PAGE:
The Bartlett School of Architecture


Rosica Pachilova

Rosica Pachilova



Communication Networks in Healthcare: Physical and Virtual Spaces

Primary and secondary supervisors

Dr Kerstin Sailer and Professor Alan Penn


Good communication in hospitals is argued to contribute to good quality of care. In my research I study how the layout of hospitals affects the way patients and caregivers communicate, socialise, build networks and gain knowledge, and how these interactions influence health processes and care. Of interest are communication patterns within the physical space as well as beyond the boundaries of the building realised through the medium of technology.

Space syntax will be applied to analyse the layout of hospitals and social network analysis will be used to identify the network of relations of the participants. A new configurationally based method of modelling virtual space will be developed and applied providing a way of making spatial configuration topologically dynamic and resulting in hybrid architectural topologies.

The objectives of the study are: 1) to compare the current spatial and virtual communication patterns between and amongst caregivers and patients; 2) to study how healthcare has been delivered spatially and with the deployment of information technologies; 3) to investigate how the layout of hospitals and the consequent communication patterns influence quality of care.

The study will contribute with several innovations: 1) Developing a method for studying networks across scales, bringing social and spatial network analysis together; 2) Creating a taxonomy of relationships between virtual and physical space and a new configurationally based method to model virtual space; 3) Affording new insights into the provision of healthcare and the layout of hospitals which may inspire their future design.


Rosica commenced her PhD at the Bartlett School of Graduate Studies, University College London in January 2013. Her current research examines the spatial layout of hospitals and how it affects communication patterns amongst and between caregivers and patients, and thus ultimately the quality of care.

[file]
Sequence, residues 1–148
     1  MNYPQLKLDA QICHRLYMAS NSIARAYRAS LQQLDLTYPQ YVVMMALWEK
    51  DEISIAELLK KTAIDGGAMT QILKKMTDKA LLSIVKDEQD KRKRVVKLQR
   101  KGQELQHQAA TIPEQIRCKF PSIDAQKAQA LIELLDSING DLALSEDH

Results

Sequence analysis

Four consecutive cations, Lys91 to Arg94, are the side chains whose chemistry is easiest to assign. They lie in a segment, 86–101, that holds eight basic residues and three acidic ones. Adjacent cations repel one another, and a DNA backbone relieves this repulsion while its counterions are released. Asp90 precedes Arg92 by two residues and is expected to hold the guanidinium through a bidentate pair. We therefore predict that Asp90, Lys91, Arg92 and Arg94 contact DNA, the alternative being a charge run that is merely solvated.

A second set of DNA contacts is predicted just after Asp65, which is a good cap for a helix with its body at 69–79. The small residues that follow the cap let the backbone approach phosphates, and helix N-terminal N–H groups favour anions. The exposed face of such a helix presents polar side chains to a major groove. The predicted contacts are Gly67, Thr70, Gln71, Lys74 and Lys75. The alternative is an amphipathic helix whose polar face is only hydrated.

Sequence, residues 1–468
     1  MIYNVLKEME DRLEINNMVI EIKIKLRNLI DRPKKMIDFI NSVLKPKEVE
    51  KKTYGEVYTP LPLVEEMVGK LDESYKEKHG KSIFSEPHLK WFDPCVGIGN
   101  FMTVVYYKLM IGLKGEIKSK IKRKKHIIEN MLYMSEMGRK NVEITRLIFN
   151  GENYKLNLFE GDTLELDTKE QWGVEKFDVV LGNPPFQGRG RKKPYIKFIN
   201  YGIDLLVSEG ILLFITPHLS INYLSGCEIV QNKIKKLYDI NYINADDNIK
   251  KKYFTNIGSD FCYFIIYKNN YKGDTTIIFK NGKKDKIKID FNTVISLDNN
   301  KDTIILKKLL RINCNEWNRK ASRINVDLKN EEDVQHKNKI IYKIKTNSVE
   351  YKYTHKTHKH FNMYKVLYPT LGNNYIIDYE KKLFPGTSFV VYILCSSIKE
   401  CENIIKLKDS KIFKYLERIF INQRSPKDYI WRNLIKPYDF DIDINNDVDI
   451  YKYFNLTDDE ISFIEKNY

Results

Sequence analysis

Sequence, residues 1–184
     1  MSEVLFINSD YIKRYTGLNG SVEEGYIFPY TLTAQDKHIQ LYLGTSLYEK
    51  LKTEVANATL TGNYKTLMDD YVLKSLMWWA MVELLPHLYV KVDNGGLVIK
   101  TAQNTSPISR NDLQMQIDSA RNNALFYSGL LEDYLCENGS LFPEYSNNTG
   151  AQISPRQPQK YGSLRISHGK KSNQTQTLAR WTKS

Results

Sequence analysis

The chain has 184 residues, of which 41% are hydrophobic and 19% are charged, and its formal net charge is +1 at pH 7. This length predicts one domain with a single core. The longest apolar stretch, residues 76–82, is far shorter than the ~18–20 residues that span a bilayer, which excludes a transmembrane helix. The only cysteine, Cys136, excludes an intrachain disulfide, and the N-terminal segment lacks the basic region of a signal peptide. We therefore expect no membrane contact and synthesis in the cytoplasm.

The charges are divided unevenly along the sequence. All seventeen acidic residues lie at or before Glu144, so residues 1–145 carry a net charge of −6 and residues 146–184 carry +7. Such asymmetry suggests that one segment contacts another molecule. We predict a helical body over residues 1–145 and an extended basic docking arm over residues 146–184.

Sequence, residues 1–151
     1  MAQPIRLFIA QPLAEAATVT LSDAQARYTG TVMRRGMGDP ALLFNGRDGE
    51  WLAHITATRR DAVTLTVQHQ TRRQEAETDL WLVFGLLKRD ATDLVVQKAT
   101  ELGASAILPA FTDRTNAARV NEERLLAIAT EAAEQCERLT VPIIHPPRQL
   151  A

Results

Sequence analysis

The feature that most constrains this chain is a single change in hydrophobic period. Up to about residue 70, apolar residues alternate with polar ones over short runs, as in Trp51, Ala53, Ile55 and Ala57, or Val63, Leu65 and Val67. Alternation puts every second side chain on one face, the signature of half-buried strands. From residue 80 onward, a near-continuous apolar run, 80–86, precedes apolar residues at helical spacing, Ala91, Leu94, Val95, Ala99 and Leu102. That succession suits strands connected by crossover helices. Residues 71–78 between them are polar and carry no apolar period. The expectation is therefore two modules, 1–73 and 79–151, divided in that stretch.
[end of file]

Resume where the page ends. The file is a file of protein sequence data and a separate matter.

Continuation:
Rosica graduated from the Bartlett School of Graduate Studies with a Master’s Degree in Advanced Architectural Studies in 2011. Following her graduation, she started an internship at Space Syntax Limited where she worked on various urban design projects for a 6-month period.

Rosica worked as a research assistant at the Bartlett School of Graduate Studies in two research projects under the lead of Dr Kerstin Sailer: ‘SocioBuildings’ (investigating social life in buildings with the help of RFID badges) and ‘Communication Patterns in Outpatient Clinics’ (comparing two hospital buildings). The work on hospitals fascinated and inspired her to continue studying the complexity of healthcare buildings.

Rosica’s academic records also include a Master’s Degree in Architecture from the University of Architecture Civil Engineering and Geodesy Sofia, Bulgaria (2010). During her university years Rosica was working as a part-time architectural assistant in various architectural studios in Sofia. 

Publications and other work

Pachilova, R and Sailer, K. (2013), 'The Effect of Hospital Layout on the Caregivers-Patients Interface: Insights into the Practice of Evidence-Based Design in Hospitals', Abstract submitted to The 2nd European Design4Health conference, Sheffield, July 3-5, 2013

Sailer,K. Pachilova,R. Kostopoulou,E. Pradinuk,R. MacKinnon,D. Hoofwijk,T. (2013), 'Communication networks and patterns of encounter in outpatient clinics- how strongly programmed is a strong programme building?', Abstract submitted to the 9th International Space Syntax Symposium, Seoul, October 31 – November 3, 2013

Sailer, K. and Pachilova, R. (2013) 'Man Versus Machine – Testing Validity and Insights of Manual and Automated Data Gathering Methods in Complex Buildings', Abstract submitted to the 9th International Space Syntax Symposium, Seoul, October 31 - November 3, 2013